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Journalists Cautioned on Court Reporting

Deputy CJ, Justice Alphonse Owiny-Dollo Deputy CJ, Justice Alphonse Owiny-Dollo

 

KAMPALA - The Deputy Chief Justice, Alfonse Owiny-Dollo has warned journalists covering cases before court to avoid being judgmental in their reporting.

Owiny-Dollo said some journalists have a tendency of assuming the role of judicial officers in their reporting, which he says is not only contrary to the sub-judice rule, but also prejudice to the court proceedings.

‘Do not assign yourself the duty of judges to make a conclusion before court reaches its decision.” He said.

The sub-judice rule bars detailed public discussion of a case before courts of law.

Citing his decision to move the Constitutional Court sitting to Mbale in the age limit case, Owiny-Dollo said some journalists speculated on the decision and became judgmental on the matter was heard.

Owiny-Dollo made the remarks at the launch of a book titled Open justice a closed or open reality for Uganda’s media yesterday at Hotel Africana in Kampala.

The 66 page book authored by Freedom of Expression (FOE-HUB), gives an insight into media coverage of the judicial process in the country.

FOE-HUB is non-government organization focused on promotion of freedom of expression in the country.

Owiny-Dollo also backed the proposal by High Court judge Duncan Gaswaga of coming up with rules and regulations for journalists covering court proceedings.

‘There is no process in the world that is not bound by regulations because even God gave us the 10 commandments. I think the question should only revolve around whether the drafted rules promote the success of the court process because courts of law are not political rallies,” he said.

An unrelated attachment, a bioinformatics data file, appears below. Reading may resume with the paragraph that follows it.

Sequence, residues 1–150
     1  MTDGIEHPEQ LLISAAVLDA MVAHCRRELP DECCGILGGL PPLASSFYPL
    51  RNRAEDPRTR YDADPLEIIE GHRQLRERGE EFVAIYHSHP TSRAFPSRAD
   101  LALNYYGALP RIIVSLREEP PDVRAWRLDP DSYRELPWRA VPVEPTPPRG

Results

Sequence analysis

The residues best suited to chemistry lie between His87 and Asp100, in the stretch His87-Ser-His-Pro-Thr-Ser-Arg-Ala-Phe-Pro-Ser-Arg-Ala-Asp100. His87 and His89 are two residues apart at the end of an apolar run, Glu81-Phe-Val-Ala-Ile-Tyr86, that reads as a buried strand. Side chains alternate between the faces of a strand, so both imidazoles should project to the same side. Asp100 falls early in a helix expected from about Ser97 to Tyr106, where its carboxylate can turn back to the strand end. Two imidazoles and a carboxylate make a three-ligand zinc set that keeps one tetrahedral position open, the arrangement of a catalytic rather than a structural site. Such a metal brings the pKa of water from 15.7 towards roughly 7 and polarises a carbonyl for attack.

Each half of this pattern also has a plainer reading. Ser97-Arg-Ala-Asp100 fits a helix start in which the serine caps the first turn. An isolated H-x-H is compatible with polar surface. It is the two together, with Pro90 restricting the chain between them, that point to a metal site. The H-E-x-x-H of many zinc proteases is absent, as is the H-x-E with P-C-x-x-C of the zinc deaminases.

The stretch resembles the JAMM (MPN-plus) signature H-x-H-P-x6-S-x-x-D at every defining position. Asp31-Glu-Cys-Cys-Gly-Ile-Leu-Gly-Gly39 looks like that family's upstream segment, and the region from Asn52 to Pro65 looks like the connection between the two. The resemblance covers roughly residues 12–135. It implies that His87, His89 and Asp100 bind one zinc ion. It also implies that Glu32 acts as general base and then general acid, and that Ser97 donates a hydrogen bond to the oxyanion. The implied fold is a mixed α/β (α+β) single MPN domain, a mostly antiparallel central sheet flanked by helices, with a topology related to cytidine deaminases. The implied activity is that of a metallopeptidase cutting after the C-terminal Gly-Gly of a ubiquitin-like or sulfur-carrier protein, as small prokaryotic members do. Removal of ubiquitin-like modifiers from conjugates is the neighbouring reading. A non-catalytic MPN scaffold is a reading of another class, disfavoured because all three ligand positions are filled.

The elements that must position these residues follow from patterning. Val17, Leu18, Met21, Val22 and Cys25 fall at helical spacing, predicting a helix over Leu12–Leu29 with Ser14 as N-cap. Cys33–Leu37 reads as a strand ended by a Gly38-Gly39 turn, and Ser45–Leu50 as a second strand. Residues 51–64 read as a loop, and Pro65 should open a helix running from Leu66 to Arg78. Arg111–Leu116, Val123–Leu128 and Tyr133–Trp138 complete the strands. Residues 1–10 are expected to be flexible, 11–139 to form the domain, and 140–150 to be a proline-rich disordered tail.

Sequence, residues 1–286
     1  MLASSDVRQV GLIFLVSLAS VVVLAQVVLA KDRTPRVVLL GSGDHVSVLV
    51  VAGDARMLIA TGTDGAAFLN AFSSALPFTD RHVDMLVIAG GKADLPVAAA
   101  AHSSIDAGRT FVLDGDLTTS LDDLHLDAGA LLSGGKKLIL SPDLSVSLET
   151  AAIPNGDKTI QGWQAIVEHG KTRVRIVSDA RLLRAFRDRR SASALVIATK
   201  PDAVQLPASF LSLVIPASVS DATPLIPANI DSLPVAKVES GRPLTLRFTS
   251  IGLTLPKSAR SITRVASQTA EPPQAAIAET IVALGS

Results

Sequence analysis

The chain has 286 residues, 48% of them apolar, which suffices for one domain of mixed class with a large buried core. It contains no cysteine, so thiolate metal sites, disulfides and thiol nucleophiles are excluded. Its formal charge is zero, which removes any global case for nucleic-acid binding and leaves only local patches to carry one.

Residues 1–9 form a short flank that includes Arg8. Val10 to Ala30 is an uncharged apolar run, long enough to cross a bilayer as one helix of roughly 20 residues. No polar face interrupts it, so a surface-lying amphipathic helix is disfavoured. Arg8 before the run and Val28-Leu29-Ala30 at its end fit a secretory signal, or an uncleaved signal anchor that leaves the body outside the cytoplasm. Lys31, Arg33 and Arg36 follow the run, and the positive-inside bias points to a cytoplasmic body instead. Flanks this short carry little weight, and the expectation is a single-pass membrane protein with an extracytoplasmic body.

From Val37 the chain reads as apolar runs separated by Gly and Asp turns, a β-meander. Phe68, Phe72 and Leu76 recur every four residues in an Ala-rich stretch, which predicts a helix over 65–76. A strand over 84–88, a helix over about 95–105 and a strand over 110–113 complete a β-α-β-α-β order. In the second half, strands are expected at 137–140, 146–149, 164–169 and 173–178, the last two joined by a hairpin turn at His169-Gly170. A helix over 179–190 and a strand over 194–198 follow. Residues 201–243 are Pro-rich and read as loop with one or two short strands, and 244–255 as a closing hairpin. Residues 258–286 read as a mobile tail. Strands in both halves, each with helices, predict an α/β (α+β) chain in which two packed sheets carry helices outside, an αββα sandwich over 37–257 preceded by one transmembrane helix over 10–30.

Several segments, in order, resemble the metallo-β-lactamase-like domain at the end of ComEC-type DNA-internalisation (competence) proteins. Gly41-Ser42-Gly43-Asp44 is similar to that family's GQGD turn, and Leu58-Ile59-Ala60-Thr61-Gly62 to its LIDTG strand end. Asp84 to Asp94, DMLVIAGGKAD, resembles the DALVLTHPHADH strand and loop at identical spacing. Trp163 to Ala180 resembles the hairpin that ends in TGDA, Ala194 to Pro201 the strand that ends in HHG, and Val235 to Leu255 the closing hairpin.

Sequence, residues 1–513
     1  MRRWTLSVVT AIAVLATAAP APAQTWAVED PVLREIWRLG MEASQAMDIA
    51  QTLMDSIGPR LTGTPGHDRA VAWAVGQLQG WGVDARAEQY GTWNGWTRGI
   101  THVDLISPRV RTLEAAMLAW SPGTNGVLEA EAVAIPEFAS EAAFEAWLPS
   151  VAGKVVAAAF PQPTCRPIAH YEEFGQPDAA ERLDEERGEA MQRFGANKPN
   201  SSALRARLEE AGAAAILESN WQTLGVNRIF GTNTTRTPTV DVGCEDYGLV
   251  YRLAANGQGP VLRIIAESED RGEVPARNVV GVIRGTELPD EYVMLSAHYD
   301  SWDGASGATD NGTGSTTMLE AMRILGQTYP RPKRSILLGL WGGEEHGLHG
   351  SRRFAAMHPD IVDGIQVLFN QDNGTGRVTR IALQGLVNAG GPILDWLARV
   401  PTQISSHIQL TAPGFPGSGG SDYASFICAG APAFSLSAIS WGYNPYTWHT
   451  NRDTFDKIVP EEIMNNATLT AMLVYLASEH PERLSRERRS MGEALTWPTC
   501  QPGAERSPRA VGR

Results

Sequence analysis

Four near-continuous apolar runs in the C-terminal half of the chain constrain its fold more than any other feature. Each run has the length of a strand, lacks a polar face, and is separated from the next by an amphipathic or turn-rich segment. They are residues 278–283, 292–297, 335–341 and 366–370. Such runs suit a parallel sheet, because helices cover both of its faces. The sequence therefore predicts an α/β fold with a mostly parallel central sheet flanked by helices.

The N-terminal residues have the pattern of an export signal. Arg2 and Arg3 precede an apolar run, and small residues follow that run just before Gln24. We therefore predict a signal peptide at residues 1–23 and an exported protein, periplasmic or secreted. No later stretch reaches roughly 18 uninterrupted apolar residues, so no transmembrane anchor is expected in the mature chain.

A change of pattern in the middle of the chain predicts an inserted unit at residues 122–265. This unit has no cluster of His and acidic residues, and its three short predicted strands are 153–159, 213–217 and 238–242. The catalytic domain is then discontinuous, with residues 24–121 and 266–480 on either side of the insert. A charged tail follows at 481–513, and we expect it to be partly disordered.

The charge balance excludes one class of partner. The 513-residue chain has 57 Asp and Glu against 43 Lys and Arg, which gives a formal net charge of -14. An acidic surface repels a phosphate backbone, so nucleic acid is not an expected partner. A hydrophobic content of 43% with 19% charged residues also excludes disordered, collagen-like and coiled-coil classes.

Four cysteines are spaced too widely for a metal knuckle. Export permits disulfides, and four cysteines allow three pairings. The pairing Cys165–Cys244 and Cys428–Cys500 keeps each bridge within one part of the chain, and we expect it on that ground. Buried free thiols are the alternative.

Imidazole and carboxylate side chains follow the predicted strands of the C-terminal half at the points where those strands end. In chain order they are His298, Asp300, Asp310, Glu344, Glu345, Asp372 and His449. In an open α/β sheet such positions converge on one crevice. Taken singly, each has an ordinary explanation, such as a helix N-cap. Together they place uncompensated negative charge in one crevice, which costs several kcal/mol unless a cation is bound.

Owiny-Dollo, however, condemned judicial officers who conduct public hearings in camera without reasonable justification.

“I think it is not right to conduct court business in chambers unless there is justifiable reason,” he said.

Human rights lawyer Nicholas Opio said the guidelines for journalists should cater for all parties involved in the judicial sector.

Anthony Wesaka, a senior court reporter, acknowledged the need for regulation of journalists involved in court reporting, but called for recognition of journalist as key stakeholders in the delivery of justice.

‘We should not be viewed as uninvited guests in the court proceedings because we are the eyes and ears of the public,’ Wesaka said.

Catherine Anite, the executive director of FOE-HUB, said media coverage, including broadcast of court processes, will help to build trust and confidence in the Judiciary.

“Regular broadcast will enhance the public’s understanding of the court process, and it is imperative for the judicial officers to allow journalists access to all maters unless there is need for witness protection,” Anite said.

Uganda Law Society boss Simon Peter Kinobe implored journalists to respect the sub-judice rule if they are to create an impact in the delivery of justice.

“Some journalists tend to judge people especially suspects as wrong elements even before the court process kicks off, which sometimes leads to a miscarriage of justice,” Kinobe said.

 

Article by Farook Kasule / Published in the New Vision on November 27 2019